Tourists encountering captive sea turtles while on holiday face health risks, according to new research published this week by the London-based Journal of the Royal Society of Medicine.
While interacting with wild sea turtles in their natural habitat is quite safe from a human health point of view, the paper demonstrates that contact with wild-caught or captive-bred sea turtles can expose tourists to toxic contaminants and zoonotic pathogens that can jump from animals to people.
Symptoms from these bacteria, viruses, fungi and parasites don’t always show themselves immediately and on the surface can seem like gastrointestinal disorders or flu, but seriously affected people can suffer from septicaemia, pneumonia, meningitis and acute renal failure.
The biggest bacterial culprits are E.Coli and Salmonella, although there are some lower infection threats from viruses such as Vibrio. Fungi and parasites represent the area of least concern.*
Holiday experiences that expose tourists to sea turtles may allow people to pick up the animals from confined pools, although some even allow tourists to eat turtle meat raised in intensive farm-like conditions.
The paper included a case study from the Cayman Turtle Farm (CTF) in Grand Cayman, which is unique as the only facility in the world to rear sea-turtles as meat available to the public, as well as being open to the thousands of tourists which pour off the cruise ships onto the island every day.
The intensive and cramped conditions which the farm works under – in both the production and front of house tourist areas – can serve to concentrate these pathogens and increase risk to those people visiting the Farm.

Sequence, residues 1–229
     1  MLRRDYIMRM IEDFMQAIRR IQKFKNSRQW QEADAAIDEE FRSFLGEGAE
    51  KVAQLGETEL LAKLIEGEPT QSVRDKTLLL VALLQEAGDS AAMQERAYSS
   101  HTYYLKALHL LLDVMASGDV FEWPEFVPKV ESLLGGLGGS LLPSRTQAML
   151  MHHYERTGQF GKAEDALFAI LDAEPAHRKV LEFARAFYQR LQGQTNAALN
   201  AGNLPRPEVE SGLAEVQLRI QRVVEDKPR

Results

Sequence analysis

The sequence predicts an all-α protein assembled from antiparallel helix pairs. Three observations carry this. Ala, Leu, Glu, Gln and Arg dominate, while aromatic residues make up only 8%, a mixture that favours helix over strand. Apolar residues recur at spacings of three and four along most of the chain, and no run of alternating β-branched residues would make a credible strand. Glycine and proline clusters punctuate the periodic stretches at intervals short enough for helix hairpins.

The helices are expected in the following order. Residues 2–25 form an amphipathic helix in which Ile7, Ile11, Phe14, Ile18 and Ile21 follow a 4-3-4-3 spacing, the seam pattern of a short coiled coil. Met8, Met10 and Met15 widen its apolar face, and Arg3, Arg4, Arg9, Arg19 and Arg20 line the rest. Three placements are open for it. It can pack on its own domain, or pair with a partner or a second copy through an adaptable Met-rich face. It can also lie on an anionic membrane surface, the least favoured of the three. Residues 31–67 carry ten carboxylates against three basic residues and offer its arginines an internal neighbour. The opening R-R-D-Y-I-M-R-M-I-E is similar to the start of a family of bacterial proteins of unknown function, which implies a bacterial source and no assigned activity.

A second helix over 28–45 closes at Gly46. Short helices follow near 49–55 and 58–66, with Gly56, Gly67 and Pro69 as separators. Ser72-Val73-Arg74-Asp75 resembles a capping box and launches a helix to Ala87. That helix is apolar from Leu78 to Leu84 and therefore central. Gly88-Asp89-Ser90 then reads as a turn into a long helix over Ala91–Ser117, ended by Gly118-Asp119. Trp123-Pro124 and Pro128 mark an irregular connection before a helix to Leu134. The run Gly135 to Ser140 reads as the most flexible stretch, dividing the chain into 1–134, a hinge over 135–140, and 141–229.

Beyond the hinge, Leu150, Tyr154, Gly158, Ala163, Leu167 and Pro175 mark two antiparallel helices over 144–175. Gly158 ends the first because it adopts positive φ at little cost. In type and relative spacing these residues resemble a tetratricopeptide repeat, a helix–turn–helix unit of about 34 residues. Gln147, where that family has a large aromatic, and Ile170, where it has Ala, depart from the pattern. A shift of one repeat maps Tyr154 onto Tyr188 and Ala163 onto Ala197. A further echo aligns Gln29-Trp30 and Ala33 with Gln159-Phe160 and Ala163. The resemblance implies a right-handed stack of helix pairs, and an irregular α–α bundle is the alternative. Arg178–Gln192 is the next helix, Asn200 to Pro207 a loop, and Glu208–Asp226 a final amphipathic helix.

Lead author Clifford Warwick of the Emergent Disease Foundation said:
“The subsequent distribution of visitors exposed to turtle farm conditions may also involve opportunities for further dissemination of contaminants into established tourist hubs, including cruise ships and airline carriers.”
After hearing concerning reports over the level of care of some 9,000 endangered Green sea turtles at CTF, the World Society for the Protection of Animals (WSPA) ran an investigation and produced a scientific assessment of the Farm last year.**
The global animal welfare charity, who funded this research, has been attempting to work with the facility to raise awareness of sea turtle welfare and to raise standards which will ultimately mean a transition away from the intensive commercial production of these endangered animals.
Dr Neil D’Cruze, WSPA Wildlife Campaign Lead said: “WSPA is unsurprised to hear that the handling of captive Green sea turtles poses a potential threat to the visiting public. This
independent peer reviewed scientific paper demonstrates that the recent assessment of the Farm’s operations is inherently flawed.”
Clifford Warwick expressed concerns that awareness of the potential human health threats posed by facilities such as the CTF may not be well understood by healthcare professionals and public awareness may be even lower, stating that overcoming this would be key to prevent and control the spread of sea turtle-related diseases.
Due to this low awareness people rarely trace back or attribute their illness to a recent experience handling wild sea turtles. This, along with the often generic nature of the symptoms, makes it hard to track the full distribution of these pathogens.